Someday soon we may have to turn back the clock on home lending

This is my column for this week from the Arizona Republic (permanent link).

 
Someday soon we may have to turn back the clock on home lending

Furniture stores are offering weekly payments. Department stores and jewelry stores are making Christmas easier with layaway plans.

Check the calendar. Did someone dial the clock back to 1968?

Not quite, but the credit crunch has got us looking backwards in time to try to remember how we used to do business, back before easy credit made things so easy.

Here’s the dirty little secret no one shared with you: For many, many years, the business of America has been credit.

Car dealerships don’t sell cars, they sell financing, selling your loan at a discount as soon as your tires hit the pavement.

Furniture stores don’t sell furniture, they use your desire for new furniture to get you to sign a promissory note.

One of the best protections of your financial interests is called Regulation Z. The Z reportedly stands for Zales, the easy credit jewelry store.

New home builders are in the same game. That’s why the incentives are so much better if you use the builders’ lender.

And that’s why there’s no interest for the first six months. Or no payments at all for the first two years. And all it takes is one quick signature…

But those days are done. Consumers — and corporations — are defaulting on debt like never before in history. The buyers of promissory notes aren’t buying any longer. Instead, they’re in Washington begging for bailouts.

And that leaves the furniture stores and the jewelry stores back in the merchandise business. They need to come up with ways to get people with no money to part with what little they have — a little at a time — in order to have any sort of cash flow at all.

And all this will come to real estate, too. We still have easy credit, but when interest rates start to climb, we’ll see our own kinds of “old fashioned” financing arrangements: Seller carrybacks, land contracts, wraps, lease purchases, etc.

We may be headed into tough times, but we still have a roadmap from 1968 to show us how to sell actual economic values and not just easy credit.

7 comments

7 Comments so far

  1. Mike Stewart, Downtown Vancouver Realtor November 30th, 2008 10:04 am

    Hi Greg,

    You make a great point. Too much of the economic activity of far too many nominally non-financial firms was to make a profit from financing.

    Look at the Detroit 3.

    In 1968 they were the Big Three. They made the best cars in the world as they focused on making good cars.

    I think they lost their way too much focus making short term profits financing crappy cars. Now they’re the Detroit 3, a word synonymous with failure…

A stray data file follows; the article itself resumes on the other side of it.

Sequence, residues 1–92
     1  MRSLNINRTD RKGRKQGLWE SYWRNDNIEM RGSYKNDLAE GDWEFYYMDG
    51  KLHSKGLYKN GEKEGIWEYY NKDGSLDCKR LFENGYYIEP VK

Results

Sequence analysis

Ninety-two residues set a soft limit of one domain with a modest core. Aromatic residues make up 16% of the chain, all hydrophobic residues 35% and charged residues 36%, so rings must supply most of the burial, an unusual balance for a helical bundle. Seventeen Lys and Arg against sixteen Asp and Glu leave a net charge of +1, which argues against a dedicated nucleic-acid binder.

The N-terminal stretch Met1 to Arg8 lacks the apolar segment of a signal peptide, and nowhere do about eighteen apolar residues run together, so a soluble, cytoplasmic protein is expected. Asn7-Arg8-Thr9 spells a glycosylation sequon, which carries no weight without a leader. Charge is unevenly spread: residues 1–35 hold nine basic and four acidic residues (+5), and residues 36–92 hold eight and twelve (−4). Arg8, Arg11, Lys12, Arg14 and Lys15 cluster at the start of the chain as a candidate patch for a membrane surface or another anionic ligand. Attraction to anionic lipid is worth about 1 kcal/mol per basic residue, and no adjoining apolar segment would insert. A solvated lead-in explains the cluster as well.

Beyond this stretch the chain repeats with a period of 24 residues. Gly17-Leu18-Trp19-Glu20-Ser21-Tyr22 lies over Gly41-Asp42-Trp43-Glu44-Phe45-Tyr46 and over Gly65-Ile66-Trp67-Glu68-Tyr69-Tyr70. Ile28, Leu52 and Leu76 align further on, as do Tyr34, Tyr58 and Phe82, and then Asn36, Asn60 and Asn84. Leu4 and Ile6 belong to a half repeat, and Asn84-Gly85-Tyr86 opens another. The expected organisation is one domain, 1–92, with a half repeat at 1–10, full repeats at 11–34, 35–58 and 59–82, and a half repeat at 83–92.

Toyota has always focused on making good (boring) cars and not so much on the financing of them.

    Look who’s top dog now?

  2. Jodi Suguitan December 2nd, 2008 9:21 am

    I think you are right that it is going to get worse before it gets better. There is going to have to be a huge adjustment in the way people approach finances and evaluating their purchasing power. The days of borrowers getting loans and THEN figuring out how to make the payments are over.

  3. John Jameson, Isfiske December 5th, 2008 7:05 am

    Good article. It is a shame that the whole society has become so obsessed with the short perspective, that they have totally forgotten about what it was they were doing in the first place. When a car dealer no longer has car sales as it primary income, something has gone terrible wrong. I’m not saying that its wrong to have more than one leg to lean on, but you always need to have that foundation that you know you can rely on and master.

  4. Marbella property December 10th, 2008 3:21 am

    I am agree with Jodi. In Spain, at this point of the year (december) there is no way to get home financing. The bank repossessions are increasing and this % will raise during 2009. The crisis has not beign a result of a housing subprime mortgages, the main “subprime mortgages problem is the subprime land mortgages” and this is the principal factor that we all have to focus “adjust land prices”, this is my opinion. Don’t you think so?
    Greetings from Spain,

  5. JCL December 12th, 2008 2:25 pm

    Our dollar used to be backed by something (i.e. gold and silver)… now it’s backed by thin air… hopefully our economic mountain built on air will come down slowly!

  6. Mark Daniel December 16th, 2008 10:18 am

    That puts a good perspective on the credit crunch as a whole. Who would of ever thought we would go back to the days of layaway. Business are going to have to be much smarter in the future if they hope to survive these harsh economic times.

  7. Tyler January 2nd, 2009 8:03 pm

    This forces manufacturers to go back to what made their brand a name brand and that’s quality. Just because the economy is the way it is doesn’t mean that people don’t need “things” anymore it just means they will wait even longer to buy them and when they do they will be looking for quality that will last.

    At least that’s what I’m going to do!

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